Over and above that, out-of-state employers would/could be attracted to a better infrastructure. We know that relocating employers look to infrastructure as one criterion on which to base their decisions about where to locate. Good schools, good transportation systems, a pool of qualified trained potential employees are more likely to attract employers than reducing taxes for the rich. That’s something neither our republican governor nor the DINOs in the legislature get.

    It’s always struck me as odd that cities like New York and Washington DC (I love the Metro system) are able to construct and maintain a mass transit system, but a state like Rhode Island with a similar expanse to service won’t even consider such a plan.

    So here we have an idea that 1)would provide an alternative to high fuel costs; 2)would help to reduce environmental pollution; and 3) could spur economic development in both the short and long terms.

    This idea has no chance of flying in Rhode Island.

  4. Comment to Noted Skeptic-
    If we had a mass transit system in RI, the snow storm in December would not be remembered as the day the state highway system came to a stop. You obvously do not care about the parents that sat at home wondering where their children were that day. Seeing that we are the smallest state- imagine the piublicity when we can state that 80-90% of our population uses mass transit. Shouldn’t be too hard to get that number fairly high.

    As to you comment- drill here, drill now, pay less- Why not spend the effort on alternate energy sources- Japan announced a car that runs on water. Americans used to lead in creativity and inventions.

  5. I am not opposed to drilling for oil in ANWR or off our coasts.I just believe mass transit is needed regardless of oil supplies.
    One reason for urban unemployment is the relocation of large employers to outlying areas combined with the reduction of mass transit services,particularly those based on rail.The Riverside line in Boston is a notable exception,built in 1959 and connecting inner city Boston with RT 128-the new center of industrial developement in the area.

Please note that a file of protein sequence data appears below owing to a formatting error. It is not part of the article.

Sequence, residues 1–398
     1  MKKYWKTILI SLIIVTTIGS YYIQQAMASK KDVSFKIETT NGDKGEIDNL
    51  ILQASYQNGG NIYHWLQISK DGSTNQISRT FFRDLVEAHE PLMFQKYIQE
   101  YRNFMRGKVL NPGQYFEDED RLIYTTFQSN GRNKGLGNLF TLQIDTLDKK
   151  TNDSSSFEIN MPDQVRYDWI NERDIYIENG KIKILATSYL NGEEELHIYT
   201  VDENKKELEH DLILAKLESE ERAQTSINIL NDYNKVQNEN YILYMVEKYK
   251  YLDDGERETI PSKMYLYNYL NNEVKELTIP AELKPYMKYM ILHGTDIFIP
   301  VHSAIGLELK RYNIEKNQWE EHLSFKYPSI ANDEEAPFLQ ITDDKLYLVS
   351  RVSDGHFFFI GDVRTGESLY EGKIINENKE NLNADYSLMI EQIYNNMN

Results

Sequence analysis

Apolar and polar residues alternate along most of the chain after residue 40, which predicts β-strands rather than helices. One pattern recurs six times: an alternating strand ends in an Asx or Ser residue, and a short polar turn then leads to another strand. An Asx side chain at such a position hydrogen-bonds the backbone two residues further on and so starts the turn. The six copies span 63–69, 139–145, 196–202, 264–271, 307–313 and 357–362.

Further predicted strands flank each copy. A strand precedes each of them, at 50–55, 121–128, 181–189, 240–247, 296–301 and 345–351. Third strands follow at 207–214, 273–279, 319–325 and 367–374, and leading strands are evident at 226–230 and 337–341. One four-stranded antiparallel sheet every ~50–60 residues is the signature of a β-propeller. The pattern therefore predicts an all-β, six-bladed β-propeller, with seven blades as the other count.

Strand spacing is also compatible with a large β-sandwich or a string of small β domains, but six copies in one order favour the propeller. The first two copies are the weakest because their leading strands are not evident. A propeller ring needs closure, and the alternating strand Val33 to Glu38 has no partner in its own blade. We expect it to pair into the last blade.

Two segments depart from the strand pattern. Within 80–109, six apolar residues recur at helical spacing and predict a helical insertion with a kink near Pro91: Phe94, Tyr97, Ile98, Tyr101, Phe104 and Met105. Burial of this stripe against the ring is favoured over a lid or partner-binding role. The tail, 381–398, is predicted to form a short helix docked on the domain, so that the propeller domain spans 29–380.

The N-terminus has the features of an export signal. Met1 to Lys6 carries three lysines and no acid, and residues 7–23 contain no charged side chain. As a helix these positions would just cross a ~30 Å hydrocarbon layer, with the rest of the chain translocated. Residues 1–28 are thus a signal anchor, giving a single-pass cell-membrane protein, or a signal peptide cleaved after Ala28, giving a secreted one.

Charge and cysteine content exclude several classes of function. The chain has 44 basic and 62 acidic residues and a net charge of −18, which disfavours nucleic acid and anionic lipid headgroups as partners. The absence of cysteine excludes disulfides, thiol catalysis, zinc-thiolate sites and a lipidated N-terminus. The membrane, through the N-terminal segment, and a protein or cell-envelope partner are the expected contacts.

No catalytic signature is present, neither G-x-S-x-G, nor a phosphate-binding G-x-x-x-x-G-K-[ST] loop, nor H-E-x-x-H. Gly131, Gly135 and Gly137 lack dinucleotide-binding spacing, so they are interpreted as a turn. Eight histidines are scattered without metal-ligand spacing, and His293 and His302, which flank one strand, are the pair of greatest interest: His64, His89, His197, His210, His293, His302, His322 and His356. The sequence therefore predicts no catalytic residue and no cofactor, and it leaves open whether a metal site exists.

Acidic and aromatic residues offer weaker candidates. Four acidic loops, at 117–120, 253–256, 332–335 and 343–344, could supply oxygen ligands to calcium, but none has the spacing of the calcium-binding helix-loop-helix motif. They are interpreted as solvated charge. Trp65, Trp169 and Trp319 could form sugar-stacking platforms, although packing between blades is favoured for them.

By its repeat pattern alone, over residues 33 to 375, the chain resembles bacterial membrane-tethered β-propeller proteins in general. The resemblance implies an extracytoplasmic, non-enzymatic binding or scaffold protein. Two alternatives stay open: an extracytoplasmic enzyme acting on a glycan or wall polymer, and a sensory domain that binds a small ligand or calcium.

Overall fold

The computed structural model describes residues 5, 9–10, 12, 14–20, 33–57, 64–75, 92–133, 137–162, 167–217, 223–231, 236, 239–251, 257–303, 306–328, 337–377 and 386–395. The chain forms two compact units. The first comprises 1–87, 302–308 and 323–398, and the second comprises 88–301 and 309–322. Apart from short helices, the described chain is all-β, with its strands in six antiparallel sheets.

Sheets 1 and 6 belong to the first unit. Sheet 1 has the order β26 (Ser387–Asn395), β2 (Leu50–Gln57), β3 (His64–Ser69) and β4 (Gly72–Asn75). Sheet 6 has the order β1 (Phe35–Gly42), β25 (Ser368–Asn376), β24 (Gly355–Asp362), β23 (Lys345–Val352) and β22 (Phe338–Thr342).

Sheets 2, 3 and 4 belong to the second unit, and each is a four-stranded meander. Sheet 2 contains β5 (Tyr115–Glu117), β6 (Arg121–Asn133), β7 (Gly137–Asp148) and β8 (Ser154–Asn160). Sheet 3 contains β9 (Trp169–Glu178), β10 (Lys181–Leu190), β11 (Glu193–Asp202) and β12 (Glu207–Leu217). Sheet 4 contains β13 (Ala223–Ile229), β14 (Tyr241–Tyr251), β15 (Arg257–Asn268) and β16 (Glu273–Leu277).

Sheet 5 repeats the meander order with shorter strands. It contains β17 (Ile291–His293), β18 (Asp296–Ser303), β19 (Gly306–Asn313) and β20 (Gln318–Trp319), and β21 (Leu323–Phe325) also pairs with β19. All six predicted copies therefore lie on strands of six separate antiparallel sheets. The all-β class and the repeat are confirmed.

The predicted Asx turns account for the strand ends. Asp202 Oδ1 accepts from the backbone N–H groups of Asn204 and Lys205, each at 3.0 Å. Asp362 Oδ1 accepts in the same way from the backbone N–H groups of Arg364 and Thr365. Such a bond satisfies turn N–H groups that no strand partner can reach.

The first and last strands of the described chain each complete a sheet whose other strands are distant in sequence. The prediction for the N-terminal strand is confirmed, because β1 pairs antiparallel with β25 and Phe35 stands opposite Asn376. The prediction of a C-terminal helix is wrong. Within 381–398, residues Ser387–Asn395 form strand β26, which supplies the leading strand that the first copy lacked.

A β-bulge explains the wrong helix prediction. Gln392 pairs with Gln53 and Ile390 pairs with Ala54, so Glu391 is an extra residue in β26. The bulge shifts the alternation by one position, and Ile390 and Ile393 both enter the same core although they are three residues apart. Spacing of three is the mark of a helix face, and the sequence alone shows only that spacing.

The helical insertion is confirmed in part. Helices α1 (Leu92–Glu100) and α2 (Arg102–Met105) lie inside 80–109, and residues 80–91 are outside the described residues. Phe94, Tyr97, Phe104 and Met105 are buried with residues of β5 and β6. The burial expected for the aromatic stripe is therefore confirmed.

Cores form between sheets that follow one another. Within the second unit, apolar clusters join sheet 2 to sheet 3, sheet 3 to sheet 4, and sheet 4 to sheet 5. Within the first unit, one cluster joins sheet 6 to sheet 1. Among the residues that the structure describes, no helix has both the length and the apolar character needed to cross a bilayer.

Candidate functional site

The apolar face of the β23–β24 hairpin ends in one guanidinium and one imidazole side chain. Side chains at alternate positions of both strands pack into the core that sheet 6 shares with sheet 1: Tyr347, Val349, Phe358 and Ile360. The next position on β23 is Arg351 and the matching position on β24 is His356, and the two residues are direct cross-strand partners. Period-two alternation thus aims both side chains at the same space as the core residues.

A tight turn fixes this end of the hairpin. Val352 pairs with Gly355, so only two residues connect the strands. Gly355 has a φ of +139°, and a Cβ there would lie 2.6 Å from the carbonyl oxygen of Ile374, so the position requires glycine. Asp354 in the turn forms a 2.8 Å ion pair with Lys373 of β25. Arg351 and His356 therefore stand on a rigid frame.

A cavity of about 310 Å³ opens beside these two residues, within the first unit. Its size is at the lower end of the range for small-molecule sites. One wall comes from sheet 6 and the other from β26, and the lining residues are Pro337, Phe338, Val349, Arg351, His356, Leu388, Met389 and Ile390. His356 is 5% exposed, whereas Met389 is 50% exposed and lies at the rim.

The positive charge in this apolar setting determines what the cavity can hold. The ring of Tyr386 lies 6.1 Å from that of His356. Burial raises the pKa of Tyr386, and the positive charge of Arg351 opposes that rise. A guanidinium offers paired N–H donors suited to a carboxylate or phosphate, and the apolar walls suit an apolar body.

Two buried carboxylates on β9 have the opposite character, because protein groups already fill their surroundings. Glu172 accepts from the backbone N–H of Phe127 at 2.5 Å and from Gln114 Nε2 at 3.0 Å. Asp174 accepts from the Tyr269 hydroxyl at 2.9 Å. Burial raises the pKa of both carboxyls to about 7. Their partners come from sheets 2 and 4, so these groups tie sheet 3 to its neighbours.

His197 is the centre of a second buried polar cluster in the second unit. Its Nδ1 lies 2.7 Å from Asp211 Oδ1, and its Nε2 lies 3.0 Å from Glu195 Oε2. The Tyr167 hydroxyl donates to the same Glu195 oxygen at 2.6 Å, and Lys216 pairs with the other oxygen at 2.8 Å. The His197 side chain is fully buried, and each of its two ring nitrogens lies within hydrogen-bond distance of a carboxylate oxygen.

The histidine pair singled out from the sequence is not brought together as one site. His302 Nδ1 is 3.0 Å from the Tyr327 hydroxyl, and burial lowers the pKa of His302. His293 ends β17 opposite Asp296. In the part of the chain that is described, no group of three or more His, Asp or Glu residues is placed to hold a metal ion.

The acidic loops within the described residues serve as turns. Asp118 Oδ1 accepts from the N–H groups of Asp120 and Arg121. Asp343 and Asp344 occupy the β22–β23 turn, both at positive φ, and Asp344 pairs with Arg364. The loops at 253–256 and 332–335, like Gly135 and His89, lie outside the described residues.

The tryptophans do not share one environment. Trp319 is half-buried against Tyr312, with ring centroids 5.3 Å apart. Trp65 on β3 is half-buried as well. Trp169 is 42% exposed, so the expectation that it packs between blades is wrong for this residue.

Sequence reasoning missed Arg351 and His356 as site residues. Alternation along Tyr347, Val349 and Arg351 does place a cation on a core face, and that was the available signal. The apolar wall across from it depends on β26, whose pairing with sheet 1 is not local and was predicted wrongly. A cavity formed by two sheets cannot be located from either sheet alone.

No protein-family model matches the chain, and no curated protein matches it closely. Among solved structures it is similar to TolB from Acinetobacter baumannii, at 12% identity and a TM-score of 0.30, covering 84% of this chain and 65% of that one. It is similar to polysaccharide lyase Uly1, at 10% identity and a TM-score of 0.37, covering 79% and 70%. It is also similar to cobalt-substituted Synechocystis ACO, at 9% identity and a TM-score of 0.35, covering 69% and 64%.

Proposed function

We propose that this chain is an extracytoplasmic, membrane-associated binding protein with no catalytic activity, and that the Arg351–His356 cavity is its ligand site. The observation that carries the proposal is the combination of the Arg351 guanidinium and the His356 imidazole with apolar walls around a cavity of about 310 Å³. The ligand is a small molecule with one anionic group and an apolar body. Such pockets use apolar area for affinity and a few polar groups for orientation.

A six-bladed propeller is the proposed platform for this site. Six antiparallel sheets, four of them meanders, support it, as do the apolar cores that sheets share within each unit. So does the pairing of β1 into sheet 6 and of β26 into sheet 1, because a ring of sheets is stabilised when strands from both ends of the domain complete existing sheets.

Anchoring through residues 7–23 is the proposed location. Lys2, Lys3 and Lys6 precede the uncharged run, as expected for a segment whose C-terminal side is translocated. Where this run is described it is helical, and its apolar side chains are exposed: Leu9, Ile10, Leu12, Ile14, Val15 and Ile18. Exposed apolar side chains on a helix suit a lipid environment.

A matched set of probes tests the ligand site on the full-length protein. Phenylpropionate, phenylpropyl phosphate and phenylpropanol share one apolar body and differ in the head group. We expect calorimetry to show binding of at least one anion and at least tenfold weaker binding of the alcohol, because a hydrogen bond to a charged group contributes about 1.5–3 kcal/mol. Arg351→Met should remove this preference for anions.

A transit map of Massachusetts in the 1920’s would show numerous connections between cities and suburban/rural areas serviced by such systems as the Mass Northeastern,Berkshire Street Railway,Eastern Mass Street Railway ,Bay State Railways,etc.Any state you care to pick would show the same pattern.
    Chicago showed foresight by placing rapid transit lines in the median of major highways and thereby providing mixed use of a single transportation corridor and consequently displacing fewer people.

  6. I commute from Warwick to Boston. I drive up to Attleboro to catch the commuter rail.

    I have been hearing it for at least a decade now that TF Green will soon have a stop.

    What is the hold up on this plan?

    I know that Massachusetts has been wanting to have the commuter rail go thru Fall River and New Bedford for just as long.

    And another point, Rhode Island already had a train system that linked Newport to Providence and Boston and New York City back during the early 1900’s.

    All the newer train systems are electric-powered so you do not have to worry about emissions and the rising cost of oil. And because they are electric, they can run very quietly.

    They are fast and some can get as fast as a jetliner (see the Japanese Maglev).

    Build it and they will come!

  7. Ed, I don’t think that the Noted Skeptic gave a seconds thought to the parents who waited anxiously for their children to return home this past December when he posted his mindless diatribe. “Drill here, drill now, pay less”??? Instead of voicing empty complaints in a sophmoric manner, the Skeptic should take the time and effort that Andre, Geoff, Joe and yourself took and offer up alternatives to the current mindset that has our nation addicted to petroleum and it’s by products.